Downshifting can damage automatic transmission
QI have a 2003 Focus with automatic transmission. Sometimes when I am braking, instead of immediately applying the brakes, I will shift from drive to 2, then 1. I only use this procedure at low speeds between 50 to 70 kilometres. Will this damage my engine or transmission? Please advice.
ANSWER: If you shift to a lower gear while at higher speeds, the engine could possibly go above its rpm limits, usually called the redline because the face of the tachometer gauge will typically be marked in red at the engine r.p.m. limits. This can cause engine damage. However, almost all automatic transmissions will not shift to a lower gear even if you manually select one.
But, any time you shift down manually, you are placing an extra load on the engine and transmission. If you are driving in a spirited manner, you may not care, but if you want to maximize your economy, you are better to use the brakes to slow the vehicle and just leave the transmission in drive.
There are exceptions to this. When driving on long downhill grades, such as you find in the mountains, you may wish to shift to a lower gear to help keep vehicle speeds down, especially if you are towing or hauling a heavy load. By shifting to a lower gear, you are able to use the engine compression to help brake the vehicle, and this helps reduce the possibility of overheating the wheel brakes during a long brake application.
Another exception could be when trying to stop on glare ice. Shifting to neutral in some instances and using only the brakes to stop the vehicle will sometimes give you better vehicle control during stopping, because the engine has no effect on the drive wheels. Be prepared to shift back to drive if you need to drive your vehicle away from a potential collision.
When you manually select a lower gear in an automatic transmission, you are increasing transmission hydraulic pressures and often applying additional clutch packs. This minimally increases wear in the transmission if done occasionally, but if done all the time, it will wear out the transmission faster. Repairing brakes is cheaper than repairing transmissions, so I suggest using the brakes, unless you need the performance of a lower gear.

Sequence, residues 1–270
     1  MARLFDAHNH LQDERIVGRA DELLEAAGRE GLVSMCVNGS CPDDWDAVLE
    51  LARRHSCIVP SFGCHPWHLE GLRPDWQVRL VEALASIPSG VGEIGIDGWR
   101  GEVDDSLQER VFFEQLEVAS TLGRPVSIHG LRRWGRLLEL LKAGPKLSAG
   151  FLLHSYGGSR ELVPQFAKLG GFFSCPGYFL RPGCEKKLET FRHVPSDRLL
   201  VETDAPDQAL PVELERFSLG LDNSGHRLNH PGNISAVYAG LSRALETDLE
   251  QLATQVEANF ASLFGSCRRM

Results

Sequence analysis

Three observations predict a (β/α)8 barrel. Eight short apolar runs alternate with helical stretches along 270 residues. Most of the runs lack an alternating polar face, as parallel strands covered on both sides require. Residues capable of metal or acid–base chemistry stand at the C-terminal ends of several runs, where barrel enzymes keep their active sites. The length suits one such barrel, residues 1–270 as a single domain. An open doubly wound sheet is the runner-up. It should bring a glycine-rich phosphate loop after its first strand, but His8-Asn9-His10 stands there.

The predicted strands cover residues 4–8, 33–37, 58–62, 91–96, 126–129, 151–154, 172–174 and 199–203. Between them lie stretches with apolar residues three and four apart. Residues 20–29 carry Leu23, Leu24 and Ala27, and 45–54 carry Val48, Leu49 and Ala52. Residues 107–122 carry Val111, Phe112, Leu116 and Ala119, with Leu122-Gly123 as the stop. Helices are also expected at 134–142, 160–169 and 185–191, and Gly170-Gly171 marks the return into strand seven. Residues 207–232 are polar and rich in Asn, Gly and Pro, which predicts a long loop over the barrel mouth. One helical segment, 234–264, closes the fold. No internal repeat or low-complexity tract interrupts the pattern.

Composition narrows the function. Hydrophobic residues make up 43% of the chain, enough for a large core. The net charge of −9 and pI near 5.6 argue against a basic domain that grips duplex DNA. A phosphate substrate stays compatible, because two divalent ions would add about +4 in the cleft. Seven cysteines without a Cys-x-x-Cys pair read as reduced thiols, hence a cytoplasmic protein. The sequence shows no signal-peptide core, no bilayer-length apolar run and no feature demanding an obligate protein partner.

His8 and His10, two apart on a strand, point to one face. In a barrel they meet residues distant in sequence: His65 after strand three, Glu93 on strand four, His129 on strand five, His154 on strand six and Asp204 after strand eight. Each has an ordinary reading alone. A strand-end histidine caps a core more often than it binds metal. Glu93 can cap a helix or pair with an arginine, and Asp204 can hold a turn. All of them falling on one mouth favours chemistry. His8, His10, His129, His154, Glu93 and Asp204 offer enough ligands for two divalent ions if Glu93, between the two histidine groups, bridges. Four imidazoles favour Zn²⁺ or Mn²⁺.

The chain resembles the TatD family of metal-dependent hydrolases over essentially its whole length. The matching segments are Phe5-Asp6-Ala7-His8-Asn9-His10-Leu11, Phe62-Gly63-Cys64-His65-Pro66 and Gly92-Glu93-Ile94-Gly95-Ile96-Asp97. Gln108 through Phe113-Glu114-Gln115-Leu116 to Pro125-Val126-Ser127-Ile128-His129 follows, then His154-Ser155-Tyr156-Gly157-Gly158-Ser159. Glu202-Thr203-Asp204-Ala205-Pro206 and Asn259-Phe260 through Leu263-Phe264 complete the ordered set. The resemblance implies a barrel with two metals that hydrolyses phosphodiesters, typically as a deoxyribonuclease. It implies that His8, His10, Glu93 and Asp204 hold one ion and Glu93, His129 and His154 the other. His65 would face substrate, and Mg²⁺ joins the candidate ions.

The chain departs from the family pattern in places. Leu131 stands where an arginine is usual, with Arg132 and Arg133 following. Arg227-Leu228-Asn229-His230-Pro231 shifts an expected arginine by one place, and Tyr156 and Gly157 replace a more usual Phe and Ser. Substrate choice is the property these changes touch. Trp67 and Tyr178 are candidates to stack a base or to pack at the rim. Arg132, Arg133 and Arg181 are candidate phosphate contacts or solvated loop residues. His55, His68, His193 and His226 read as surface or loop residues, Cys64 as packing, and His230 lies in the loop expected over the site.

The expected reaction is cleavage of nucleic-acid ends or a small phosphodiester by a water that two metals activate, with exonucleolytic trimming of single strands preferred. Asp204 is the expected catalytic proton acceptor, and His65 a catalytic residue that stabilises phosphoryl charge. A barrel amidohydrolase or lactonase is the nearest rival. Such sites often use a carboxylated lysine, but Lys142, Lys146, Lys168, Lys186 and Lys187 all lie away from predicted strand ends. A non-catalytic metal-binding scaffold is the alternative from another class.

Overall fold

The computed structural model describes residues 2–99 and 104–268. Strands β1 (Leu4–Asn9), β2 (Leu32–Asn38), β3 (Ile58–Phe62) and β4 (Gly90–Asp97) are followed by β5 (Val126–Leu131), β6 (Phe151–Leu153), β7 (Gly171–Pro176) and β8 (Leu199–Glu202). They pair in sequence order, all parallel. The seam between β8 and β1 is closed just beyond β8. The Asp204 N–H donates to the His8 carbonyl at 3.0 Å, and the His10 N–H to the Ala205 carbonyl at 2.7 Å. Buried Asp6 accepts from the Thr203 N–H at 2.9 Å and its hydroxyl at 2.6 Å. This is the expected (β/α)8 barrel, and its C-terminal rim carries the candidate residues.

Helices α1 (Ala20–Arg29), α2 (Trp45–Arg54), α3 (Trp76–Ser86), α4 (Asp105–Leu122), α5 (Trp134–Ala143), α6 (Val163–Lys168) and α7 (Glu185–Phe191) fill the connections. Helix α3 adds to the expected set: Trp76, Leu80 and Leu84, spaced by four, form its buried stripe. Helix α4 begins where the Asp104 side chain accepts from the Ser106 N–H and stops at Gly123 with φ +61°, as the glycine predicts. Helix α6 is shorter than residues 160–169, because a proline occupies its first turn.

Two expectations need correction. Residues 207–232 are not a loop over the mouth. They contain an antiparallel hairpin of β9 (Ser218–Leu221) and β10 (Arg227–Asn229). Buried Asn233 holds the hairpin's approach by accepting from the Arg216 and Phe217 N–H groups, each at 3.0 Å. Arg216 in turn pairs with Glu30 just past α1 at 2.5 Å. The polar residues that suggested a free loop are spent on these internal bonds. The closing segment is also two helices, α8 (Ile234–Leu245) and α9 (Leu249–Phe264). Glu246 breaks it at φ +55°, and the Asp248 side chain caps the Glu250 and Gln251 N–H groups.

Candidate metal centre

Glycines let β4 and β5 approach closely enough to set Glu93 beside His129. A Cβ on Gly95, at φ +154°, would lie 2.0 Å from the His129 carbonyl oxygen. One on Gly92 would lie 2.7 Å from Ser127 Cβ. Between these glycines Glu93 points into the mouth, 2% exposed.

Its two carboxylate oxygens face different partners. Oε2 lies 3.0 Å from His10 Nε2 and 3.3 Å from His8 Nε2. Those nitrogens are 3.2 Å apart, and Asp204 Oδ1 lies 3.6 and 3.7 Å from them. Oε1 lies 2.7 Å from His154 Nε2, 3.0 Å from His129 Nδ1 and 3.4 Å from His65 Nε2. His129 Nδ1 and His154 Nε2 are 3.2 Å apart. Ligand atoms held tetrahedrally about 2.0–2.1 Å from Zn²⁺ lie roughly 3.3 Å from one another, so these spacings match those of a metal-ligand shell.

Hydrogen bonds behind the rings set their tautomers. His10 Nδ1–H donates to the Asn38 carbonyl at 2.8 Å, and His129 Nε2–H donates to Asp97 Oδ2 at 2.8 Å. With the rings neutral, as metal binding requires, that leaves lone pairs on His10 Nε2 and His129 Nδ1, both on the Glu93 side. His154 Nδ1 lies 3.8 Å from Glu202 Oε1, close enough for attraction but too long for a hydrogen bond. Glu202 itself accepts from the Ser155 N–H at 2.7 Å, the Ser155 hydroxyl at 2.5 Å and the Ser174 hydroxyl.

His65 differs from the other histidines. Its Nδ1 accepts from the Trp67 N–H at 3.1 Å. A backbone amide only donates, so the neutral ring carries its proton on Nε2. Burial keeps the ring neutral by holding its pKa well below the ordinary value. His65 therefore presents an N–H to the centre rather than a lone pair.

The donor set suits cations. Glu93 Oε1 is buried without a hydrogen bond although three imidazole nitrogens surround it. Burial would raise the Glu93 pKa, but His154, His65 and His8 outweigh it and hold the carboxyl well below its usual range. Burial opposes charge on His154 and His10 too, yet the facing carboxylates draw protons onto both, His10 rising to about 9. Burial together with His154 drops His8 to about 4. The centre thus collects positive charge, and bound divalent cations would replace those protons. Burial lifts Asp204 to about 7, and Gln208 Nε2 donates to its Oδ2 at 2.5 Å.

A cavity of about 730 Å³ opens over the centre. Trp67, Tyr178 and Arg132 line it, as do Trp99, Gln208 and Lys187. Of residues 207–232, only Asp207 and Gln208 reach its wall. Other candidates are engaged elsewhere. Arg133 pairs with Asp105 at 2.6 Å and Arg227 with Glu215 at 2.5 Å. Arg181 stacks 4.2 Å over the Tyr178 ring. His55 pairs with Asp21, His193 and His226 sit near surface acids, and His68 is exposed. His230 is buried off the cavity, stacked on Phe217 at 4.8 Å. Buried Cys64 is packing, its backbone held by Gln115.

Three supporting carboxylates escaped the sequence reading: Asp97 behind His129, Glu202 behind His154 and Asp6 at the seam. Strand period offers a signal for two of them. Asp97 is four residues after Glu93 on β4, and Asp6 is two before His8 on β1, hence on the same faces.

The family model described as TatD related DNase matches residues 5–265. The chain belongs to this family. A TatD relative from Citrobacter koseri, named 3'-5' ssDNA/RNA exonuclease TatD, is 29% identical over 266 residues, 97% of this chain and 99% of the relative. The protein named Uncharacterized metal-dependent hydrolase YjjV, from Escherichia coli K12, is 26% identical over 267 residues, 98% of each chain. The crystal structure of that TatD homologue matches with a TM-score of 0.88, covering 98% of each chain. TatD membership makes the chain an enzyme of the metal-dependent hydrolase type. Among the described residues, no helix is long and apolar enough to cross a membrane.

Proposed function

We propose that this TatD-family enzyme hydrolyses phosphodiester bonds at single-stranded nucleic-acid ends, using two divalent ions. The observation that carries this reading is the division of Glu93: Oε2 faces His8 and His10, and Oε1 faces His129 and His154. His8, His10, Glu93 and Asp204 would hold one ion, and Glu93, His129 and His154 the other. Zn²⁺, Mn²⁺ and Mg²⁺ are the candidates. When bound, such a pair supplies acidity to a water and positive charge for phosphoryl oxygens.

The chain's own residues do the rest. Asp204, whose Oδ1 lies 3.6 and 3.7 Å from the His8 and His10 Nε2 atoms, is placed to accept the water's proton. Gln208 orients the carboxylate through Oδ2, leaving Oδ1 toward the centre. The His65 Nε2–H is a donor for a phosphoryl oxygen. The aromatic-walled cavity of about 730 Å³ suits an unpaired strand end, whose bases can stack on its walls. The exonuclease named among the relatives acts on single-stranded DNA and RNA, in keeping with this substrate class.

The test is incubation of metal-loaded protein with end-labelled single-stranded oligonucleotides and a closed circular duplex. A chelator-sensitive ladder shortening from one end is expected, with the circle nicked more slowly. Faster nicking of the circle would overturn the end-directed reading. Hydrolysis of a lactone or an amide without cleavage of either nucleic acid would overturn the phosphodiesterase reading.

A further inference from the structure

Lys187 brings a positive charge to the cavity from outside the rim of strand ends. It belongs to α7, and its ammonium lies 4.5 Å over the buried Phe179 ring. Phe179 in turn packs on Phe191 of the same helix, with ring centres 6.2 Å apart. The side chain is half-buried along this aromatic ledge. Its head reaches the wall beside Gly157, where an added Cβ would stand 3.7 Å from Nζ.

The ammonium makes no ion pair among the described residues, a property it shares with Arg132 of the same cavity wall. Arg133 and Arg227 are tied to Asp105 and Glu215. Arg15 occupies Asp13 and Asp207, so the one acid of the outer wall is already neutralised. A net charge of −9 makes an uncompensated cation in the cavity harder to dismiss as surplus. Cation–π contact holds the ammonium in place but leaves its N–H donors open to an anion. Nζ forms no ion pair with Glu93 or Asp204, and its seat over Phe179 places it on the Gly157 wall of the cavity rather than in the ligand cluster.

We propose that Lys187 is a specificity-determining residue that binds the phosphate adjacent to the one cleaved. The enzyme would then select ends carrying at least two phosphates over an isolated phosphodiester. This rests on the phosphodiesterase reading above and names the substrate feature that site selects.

Q: I have a 2003 Pontiac Sunfire. I lost all the gauges in the dash, such as speedometer, gas, r.p.m. and temperature. This seemed to happen when the battery went dead. It was jump- started. Would that cause the gauges to quit working? Is there anything I could check before taking a lot of things off or apart? Could it be the ground wires or fuses?
A: The instrument panel cluster (IPC) is actually a computer module. The four gauges you have indicated and some of the warning lights are operated by the IPC using information they get from the body control module (BCM) and the engine control module (ECM). It is possible the data line between these modules and the IPC is broken, but it is wired in a “loop” system, much like an old telephone party line (so all the modules can listen to the data conversation), and it would take two breaks in the loop before data communication to the IPC would be lost.
The fastest way to verify if IPC is getting data is by using a scan tool to communicate with the IPC. Before doing that, you should check the fuses for the IPC. There are two fuses in the fuse box inside the left end of the instrument panel. Remove the cover and look for the 10-amp cluster fuse and the 10-amp BCM/CLU fuse. Remove these two fuses and inspect them for opens. If they are good, reinstall them after about one minute. This allows the computer module to power down and reboot.
If the other warning lights are working, the IPC ground should be good, but you could check Ground G110, which is bolted to the top of the transmission mounting bolt on the engine. If the power, ground and data communication are good, then the problem is with the IPC. A voltage surge during the boosting can damage computer components, and you may have to replace the IPC.